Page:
Baseline characteristics were compared by genotype using χ2 test or analysis of variance, as appropriate. Owing to the low minor allele frequency for both the codon 65 and codon 110 SNPs, we decided a priori to divide patients assuming a dominant model of inheritance with heterozygote patients pooled with the homozygous variant patients for all analyses. Hardy–Weinberg equilibrium was calculated separately by race/ethnicity using χ2 test with one degree of freedom. All statistical analyses were conducted using SAS version 9.1 (Cary, North Carolina, USA) or SPSS version 11.5 (Chicago, Illinois, USA). A P < 0.05 (two-sided) was considered significant for all analyses. BP response after 6 weeks of verapamil SR therapy was compared by genotype using a general linear model with genotype included as a fixed effect adjusted for prespecified baseline covariates of age, sex, race/ethnicity, BP, and body mass index (BMI), all of which in univariable analysis had a P < 0.2 in either verapamil SR monotherapy or all BP response patients. Treatment BPs estimated using least square means (adjusted for above covariates) ± standard error are presented. Secondary BP analyses included time to BP control, defined as the time after receiving drug when BP control ( < 140/90mmHg) was achieved and maintained for at least 50% of subsequent visits, and number of drugs required at time of BP control. Kaplan–Meier analysis was used to estimate time to BP control and comparison between genotype groups were made using a log-rank test. Cox regression modeling using forward inclusion was also performed with the prespecified covariates. Number of drugs at time of BP control was assessed using a cumulative logit model with factors known to influence the number of antihypertensive medications required including the prespecified covariates plus history of renal insufficiency, heart failure, and diabetes. Percent change in SBP in response to verapamil SR was compared among haplotypes (0, 1, or 2 copies) using test for trend.
Unadjusted and adjusted odds ratios (ORs) and 95% confidence intervals (CIs) for occurrence of the primary outcome were calculated using logistic regression for the case–control group. The model contained all covariates from the primary INVEST analysis that were found to influence prognosis (with the exception of US residency because all INVEST-GENES participants were US residents) [15]. These variables include age, sex, race/ethnicity, BMI, smoking, INVEST treatment strategy, previous MI, previous stroke, heart failure, diabetes, renal insufficiency, peripheral vascular disease, baseline SBP, and strategy assignment. Additionally, we included diuretic and angiotensin converting enzyme (ACE) inhibitor use, codon 65 and 110 genotype, and the interaction term between genotype.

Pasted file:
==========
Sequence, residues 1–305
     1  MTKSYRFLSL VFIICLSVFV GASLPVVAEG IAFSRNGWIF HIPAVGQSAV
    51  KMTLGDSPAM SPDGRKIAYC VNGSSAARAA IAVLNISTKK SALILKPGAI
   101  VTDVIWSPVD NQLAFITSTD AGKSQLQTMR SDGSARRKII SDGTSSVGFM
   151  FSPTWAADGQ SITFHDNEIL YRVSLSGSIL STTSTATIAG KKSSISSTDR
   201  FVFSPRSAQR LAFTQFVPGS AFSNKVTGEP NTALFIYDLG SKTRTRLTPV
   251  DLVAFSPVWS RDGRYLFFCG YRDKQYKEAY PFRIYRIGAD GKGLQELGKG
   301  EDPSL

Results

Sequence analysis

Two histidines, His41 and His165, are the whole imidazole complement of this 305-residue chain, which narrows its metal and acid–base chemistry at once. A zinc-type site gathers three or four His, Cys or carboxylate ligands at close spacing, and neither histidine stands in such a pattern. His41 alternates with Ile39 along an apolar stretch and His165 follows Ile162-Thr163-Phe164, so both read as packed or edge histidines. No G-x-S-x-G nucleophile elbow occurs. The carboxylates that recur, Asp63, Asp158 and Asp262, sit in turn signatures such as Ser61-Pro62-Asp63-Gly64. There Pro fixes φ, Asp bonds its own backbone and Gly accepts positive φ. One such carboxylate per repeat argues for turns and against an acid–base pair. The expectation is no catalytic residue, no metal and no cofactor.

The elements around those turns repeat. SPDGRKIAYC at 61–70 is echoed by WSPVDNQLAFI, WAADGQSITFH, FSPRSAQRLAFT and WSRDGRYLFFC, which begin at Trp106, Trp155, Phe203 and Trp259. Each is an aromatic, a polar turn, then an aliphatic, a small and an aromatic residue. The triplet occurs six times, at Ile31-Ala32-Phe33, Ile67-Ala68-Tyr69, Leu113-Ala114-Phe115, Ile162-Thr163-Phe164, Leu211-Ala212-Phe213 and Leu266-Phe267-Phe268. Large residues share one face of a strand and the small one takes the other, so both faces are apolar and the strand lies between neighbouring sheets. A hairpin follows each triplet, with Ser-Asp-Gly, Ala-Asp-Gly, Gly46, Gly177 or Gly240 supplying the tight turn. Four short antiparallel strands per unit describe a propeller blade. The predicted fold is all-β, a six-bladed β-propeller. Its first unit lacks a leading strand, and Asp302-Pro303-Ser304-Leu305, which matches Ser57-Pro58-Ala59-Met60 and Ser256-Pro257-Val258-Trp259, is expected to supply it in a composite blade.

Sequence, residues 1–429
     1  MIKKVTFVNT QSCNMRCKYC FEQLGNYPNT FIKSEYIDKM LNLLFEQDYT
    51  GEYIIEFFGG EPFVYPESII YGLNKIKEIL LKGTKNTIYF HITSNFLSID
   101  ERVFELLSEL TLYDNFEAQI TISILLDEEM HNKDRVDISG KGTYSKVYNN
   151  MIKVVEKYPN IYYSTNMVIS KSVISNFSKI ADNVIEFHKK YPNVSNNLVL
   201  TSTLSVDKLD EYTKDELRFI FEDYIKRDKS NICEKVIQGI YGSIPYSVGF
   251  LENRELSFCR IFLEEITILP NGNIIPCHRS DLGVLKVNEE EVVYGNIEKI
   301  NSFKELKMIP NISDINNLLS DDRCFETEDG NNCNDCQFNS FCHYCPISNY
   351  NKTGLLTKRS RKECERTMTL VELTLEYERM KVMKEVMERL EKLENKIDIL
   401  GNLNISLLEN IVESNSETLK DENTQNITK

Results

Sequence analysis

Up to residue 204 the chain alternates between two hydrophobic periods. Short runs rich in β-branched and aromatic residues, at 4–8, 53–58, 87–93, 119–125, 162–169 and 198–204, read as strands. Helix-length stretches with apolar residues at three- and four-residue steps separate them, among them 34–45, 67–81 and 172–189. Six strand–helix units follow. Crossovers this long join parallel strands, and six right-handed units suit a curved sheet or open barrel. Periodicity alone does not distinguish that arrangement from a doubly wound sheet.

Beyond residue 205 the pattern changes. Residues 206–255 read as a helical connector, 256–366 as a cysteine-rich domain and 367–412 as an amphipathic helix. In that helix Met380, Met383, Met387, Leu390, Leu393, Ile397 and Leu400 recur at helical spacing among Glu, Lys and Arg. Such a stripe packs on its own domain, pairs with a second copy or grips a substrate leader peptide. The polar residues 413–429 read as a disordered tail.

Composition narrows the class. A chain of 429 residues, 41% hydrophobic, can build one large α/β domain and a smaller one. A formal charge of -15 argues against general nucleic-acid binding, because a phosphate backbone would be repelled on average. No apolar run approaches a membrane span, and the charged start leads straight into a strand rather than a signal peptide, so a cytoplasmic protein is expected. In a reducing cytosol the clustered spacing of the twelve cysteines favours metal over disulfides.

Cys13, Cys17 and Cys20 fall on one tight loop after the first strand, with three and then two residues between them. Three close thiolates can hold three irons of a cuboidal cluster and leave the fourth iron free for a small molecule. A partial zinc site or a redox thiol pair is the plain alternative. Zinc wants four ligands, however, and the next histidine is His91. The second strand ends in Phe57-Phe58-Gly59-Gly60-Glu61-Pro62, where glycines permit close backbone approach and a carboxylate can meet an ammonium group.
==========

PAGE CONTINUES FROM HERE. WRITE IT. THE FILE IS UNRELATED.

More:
A Cox proportional hazards model using forward inclusion with all of the above variables as prespecified covariates was used to evaluate the effect of codon 110 genotype on outcomes and Kaplan–Meier curves were estimated. As the INVEST protocol called for diuretic (HCTZ) and ACE inhibitor (trandolapril) therapy to be added to the primary study drugs for patients failing to achieve BP goals with primary agents or to those with heart failure, renal insufficiency, or diabetes (for trandolapril), these variables were treated as time-dependent covariates in the Cox proportional hazards model. The model was also conducted separately by study strategy (i.e. in the verapamil SR-based group and in the atenolol-based group) and in subgroups by age ( < 70 years and ≥70 years), sex, and race/ethnicity.
To control for the potential of population stratification in our racially and ethnically diverse population, we used a total panel of 87 AIMs, selected to show large allele frequency differences across three parental populations (West Africans, Indigenous Americans, and Europeans) selected from a large panel of over 10 000 SNPs [16]. Maximum likelihood was then used to estimate each patient’s individual genomic ancestry proportions on these three axes and these terms were included in statistical models instead of the race/ethnicity term.
Study population and baseline characteristics
Baseline characteristics for all INVEST-GENES patients are shown in Table 1. As expected, owing to the entry criterion of ≥ 50 years of age, the patients were elderly with a mean age of 66 years. Over half of the patients were female, with a high percentage of Hispanic patients. Baseline characteristics were similar when compared by codon 110 genotypes, with the exception of the variant allele being slightly more frequent in Hispanic and Black patients than White patients. In addition, hypercholesterolemia was present in 55% of Val110Val patients compared with 51.3% of Leu110 carriers (P = 0.03). Baseline characteristics for 1071 patients selected as cases and controls are similar to the overall INVEST-GENES cohort (Table 1). A summary of the other antihypertensive medications patients from the stable background therapy group were receiving at baseline is presented in Table 2.